Clippers-Spurs, The First 6: A Look Back and a Preview


The NBA Playoffs have given us the two extremes of what can happen in a 7-game series. In cases like the Golden State Warriors, Cleveland Cavaliers, Washington Wizards,and even the Memphis Grizzlies, the first round seemingly went off without much contest from the opposition. Then there have been the tighter playoff match ups such as the Hawks vs Nets.

The crown jewel of this playoff first round though has been the back and forth matchup between the San Antonio Spurs and the Los Angeles Clippers. The teams have traded victories to reach the most exciting day in postseason basketball: Game 7. It’s a win or go home scenario, and the stakes have never been higher for either team this season.

In one corner sits the Western Conference’s third seed. The Los Angeles Clippers have been dominant throughout the season. Lob City came away from the season with the highest rated offense in the league and with good reason: the three headed monster of Chris Paul, DeAndre Jordan, and Blake Griffin has been as lethal as ever. Aside from their nightly highlight reel, the trio has amassed big time success. The biggest short coming of the Clippers this season has been their bench play. Their only consistent contributions from the bench comes in the form of perennial Sixth Man of the Year candidate, Jamal Crawford. Outside of his play the Clippers didn’t really get any help from a non-starter on nightly basis.

In the first six games we’ve seen the Clippers play some of their best basketball of the season. However, we’ve also witnessed some major lapses and disappointing outings. To this point it appears as though the team has run solely on the shoulders of Chris Paul and Blake Griffin. The Hack-A-DeAndre strategy that the Spurs have now turned into a daily game plan limits the number of field goal attempts that Paul and Griffin are able to heave up because they’re being beaten to the punch by fouls on Jordan. When they’re able to shoot efficiently and move the ball effectively in their fleeting opportunities, they have the potential to blow the Spurs’ defense out of the water.

On the other bench for this Game 7 matchup are the San Antonio Spurs. A perennial title contender, this Spurs core has already risen to the promised land on 5 separate occasions. This year’s edition of the Greg Popovich-run franchise had a late season run that led them to the Western Conference’s sixth seed. Their strength lies in their depth, with an upwards of eight players who can give you a big game on any given night. In addition they have the rising superstar in the two-way wing, Kawhi Leonard. In terms of weakness in this series, the biggest gap has been the one left by the disappearance of Tony Parker.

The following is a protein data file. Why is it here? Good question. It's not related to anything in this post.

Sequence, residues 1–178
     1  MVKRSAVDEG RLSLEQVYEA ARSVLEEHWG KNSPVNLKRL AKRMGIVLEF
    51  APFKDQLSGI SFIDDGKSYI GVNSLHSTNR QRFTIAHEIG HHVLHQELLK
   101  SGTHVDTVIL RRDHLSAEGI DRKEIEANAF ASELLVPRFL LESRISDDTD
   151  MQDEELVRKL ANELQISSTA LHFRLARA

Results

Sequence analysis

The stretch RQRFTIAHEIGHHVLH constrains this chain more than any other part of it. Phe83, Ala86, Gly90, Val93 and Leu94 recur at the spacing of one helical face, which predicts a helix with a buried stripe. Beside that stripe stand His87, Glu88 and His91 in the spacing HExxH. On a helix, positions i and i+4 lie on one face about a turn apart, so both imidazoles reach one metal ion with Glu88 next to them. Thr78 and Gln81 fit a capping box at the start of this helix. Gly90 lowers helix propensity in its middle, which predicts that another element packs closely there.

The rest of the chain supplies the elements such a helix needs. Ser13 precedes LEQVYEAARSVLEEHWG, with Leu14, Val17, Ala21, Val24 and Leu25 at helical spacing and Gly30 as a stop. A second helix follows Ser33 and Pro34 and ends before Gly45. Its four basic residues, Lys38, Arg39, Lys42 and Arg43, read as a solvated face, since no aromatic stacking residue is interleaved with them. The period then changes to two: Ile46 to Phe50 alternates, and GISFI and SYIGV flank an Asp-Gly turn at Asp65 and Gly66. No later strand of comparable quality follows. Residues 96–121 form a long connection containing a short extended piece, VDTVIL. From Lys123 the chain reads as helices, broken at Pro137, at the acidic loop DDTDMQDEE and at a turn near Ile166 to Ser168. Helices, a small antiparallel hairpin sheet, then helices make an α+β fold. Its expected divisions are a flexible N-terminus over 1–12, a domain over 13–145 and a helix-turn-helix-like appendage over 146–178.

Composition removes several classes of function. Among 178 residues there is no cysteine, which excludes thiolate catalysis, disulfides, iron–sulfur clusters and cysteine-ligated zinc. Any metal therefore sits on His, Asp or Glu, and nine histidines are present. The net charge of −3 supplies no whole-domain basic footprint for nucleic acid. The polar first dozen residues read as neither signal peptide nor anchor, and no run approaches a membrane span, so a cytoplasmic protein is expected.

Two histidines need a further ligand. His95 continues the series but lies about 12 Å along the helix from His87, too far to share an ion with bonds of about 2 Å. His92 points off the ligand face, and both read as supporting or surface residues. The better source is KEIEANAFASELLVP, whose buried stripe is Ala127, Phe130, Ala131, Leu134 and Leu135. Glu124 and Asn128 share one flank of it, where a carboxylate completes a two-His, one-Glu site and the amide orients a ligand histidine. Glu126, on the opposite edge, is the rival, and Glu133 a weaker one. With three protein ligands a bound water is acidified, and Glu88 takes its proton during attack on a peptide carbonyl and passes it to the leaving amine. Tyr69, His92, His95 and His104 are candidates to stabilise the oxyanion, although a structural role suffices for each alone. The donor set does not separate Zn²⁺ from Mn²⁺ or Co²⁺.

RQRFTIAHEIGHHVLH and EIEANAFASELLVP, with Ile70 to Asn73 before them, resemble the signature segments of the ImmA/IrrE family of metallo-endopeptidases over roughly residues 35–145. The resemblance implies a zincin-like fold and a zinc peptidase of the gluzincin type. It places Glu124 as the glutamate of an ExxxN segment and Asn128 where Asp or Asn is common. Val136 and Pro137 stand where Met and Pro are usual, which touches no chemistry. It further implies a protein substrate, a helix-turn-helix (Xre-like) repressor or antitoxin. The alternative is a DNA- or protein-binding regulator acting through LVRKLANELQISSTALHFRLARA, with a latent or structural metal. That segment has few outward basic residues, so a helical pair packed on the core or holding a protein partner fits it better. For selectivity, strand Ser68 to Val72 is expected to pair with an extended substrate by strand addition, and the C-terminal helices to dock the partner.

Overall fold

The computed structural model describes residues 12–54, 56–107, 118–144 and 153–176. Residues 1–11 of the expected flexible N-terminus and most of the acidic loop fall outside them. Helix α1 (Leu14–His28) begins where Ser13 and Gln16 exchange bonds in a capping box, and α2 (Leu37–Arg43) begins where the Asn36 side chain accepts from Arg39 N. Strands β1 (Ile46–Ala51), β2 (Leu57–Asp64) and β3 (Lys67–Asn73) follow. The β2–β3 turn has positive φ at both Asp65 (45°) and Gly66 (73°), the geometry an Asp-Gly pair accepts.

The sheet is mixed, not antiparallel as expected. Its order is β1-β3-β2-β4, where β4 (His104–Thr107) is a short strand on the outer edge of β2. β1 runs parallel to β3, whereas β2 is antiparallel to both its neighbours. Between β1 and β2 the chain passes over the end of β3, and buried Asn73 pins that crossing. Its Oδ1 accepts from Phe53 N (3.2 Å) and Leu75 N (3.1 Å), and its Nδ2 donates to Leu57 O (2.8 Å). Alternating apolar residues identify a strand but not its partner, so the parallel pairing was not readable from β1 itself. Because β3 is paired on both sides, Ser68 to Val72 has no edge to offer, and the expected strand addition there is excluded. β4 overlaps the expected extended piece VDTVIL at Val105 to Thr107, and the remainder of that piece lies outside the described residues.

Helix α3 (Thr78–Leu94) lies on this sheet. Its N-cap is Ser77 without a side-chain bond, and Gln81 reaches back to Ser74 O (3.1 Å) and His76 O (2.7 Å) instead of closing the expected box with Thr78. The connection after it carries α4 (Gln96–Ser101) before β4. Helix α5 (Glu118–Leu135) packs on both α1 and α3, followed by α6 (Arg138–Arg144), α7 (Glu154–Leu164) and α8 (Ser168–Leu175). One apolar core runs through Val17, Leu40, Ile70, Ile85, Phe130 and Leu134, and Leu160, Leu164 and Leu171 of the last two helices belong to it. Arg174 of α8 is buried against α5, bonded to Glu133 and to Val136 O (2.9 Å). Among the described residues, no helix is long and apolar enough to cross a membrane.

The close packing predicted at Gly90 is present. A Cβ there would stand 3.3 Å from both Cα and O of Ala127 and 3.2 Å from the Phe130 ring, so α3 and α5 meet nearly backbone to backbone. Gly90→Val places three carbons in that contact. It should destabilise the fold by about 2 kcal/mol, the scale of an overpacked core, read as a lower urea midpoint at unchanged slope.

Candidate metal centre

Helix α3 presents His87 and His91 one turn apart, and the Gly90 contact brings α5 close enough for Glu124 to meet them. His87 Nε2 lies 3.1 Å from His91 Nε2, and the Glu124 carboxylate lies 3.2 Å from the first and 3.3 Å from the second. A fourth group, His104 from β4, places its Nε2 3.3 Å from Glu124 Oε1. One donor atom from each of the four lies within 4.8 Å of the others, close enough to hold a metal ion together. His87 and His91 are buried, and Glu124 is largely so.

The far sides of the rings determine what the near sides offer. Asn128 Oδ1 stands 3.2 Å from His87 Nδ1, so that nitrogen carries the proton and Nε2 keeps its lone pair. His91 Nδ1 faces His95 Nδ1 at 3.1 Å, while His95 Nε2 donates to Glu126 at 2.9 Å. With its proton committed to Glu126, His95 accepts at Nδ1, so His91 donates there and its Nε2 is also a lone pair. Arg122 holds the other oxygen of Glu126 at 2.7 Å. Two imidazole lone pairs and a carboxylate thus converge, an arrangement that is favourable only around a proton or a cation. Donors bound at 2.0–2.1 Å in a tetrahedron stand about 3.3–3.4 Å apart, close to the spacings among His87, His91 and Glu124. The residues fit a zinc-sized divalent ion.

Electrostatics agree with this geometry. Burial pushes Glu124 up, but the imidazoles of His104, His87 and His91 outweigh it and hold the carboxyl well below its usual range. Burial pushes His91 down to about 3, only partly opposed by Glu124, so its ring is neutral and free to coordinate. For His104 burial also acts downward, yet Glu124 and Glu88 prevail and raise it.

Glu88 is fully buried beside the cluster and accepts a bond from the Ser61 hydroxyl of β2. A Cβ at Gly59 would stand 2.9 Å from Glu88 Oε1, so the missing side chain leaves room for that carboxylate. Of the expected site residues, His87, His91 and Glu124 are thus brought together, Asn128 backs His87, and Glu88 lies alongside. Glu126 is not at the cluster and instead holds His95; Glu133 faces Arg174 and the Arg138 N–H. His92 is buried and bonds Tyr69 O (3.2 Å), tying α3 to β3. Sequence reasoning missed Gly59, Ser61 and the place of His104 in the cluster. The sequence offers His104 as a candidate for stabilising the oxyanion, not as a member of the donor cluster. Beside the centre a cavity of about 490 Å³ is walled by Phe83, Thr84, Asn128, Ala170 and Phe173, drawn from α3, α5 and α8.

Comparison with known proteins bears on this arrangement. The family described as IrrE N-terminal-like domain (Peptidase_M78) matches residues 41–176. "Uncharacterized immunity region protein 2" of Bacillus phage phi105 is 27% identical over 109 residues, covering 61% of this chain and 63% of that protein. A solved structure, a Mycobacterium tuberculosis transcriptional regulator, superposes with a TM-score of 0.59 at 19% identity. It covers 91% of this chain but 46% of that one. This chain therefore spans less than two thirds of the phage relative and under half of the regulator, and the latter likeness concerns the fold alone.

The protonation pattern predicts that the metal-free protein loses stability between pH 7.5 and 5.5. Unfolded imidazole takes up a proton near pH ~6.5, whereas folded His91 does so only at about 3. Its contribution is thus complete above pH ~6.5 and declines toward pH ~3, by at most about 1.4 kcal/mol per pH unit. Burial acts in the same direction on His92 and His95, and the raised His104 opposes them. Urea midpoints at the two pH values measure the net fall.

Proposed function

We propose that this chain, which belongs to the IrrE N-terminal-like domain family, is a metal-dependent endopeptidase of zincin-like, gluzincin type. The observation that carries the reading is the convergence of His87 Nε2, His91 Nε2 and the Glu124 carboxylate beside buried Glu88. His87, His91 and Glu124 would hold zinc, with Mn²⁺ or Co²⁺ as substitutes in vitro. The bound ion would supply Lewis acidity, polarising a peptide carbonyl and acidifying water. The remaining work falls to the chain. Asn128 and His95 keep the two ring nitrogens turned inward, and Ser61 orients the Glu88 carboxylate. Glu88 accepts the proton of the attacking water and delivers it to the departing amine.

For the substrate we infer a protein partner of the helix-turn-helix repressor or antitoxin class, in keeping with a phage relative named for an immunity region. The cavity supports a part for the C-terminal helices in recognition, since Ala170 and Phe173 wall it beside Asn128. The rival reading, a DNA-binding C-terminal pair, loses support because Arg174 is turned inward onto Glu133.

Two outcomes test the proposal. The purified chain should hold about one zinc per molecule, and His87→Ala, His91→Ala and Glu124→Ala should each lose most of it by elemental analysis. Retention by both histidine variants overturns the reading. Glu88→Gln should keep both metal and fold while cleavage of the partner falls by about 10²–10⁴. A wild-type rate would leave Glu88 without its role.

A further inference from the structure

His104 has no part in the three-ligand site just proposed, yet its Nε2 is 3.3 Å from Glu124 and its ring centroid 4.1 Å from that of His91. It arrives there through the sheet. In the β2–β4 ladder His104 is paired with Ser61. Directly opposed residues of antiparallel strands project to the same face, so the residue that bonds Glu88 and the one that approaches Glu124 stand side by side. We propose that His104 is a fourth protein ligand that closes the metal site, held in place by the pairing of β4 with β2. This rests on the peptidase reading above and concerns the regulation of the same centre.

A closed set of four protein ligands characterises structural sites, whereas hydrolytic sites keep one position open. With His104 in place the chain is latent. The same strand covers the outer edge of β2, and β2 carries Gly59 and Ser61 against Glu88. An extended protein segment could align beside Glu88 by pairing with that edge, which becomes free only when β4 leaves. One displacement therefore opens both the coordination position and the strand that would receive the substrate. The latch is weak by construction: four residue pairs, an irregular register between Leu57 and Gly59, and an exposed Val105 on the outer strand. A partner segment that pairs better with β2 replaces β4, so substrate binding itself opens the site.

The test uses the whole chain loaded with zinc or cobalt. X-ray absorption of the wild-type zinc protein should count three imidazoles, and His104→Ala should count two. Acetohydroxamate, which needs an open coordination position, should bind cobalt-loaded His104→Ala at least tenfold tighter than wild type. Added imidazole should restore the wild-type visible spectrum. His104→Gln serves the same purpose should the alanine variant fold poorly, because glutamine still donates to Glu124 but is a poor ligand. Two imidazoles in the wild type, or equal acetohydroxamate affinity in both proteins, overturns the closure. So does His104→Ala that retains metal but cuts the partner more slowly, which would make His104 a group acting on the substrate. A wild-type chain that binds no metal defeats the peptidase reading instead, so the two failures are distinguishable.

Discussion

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Through six contests the Spurs have also had their fair share of highs and lows. The biggest question mark of course has been the play of Tony Parker as he continues to play through nagging injuries he’s accumulated. Tim Duncan, as always, has been the model of consistency in this series. The incredible bench play highlighted by the performances of Boris Diaw and Patty Mills is giving San Antonio consistently fresh legs on both sides of the ball.

As we hit the climax of excitement tonight inside the Staples Center, there are a couple of keys to the game that we should be watching out for. For the Clippers, DeAndre Jordan has to make at least 75% of his attempts from the charity stripe; make Popovich pay for sending him there so often. Also, the Clippers need to limit the production of Tim Duncan; locking down the Big Fundamental is no easy feat but if they can force him out of the post and make him settle for long-twos they have a great chance of pulling this one out.

For the visiting Spurs, the key will be to push the pace as often as possible; we’re now seven games into the playoffs so Los Angeles’ six-man rotation has already seen a lot of playing time, if you try and speed the game up you force their tired legs to catch up to them. Also for the Spurs, Boris Diaw needs to effectively space the floor when he’s on the court by knocking down his open attempts from 15+ feet from the basket; if he’s connecting that’ll force defenders into closing out on him thus leaving Duncan in man-to-man coverage down low.

Even though this series has been back-and-forward the whole way through, the one thing we have learned for certain is that home court advantage doesn’t matter. Tonight, the series effectively starts again, and we’ll see whether the Clippers can progress into their best postseason in franchise history.

Next: Did Jamal Crawford Get Away With A Travel?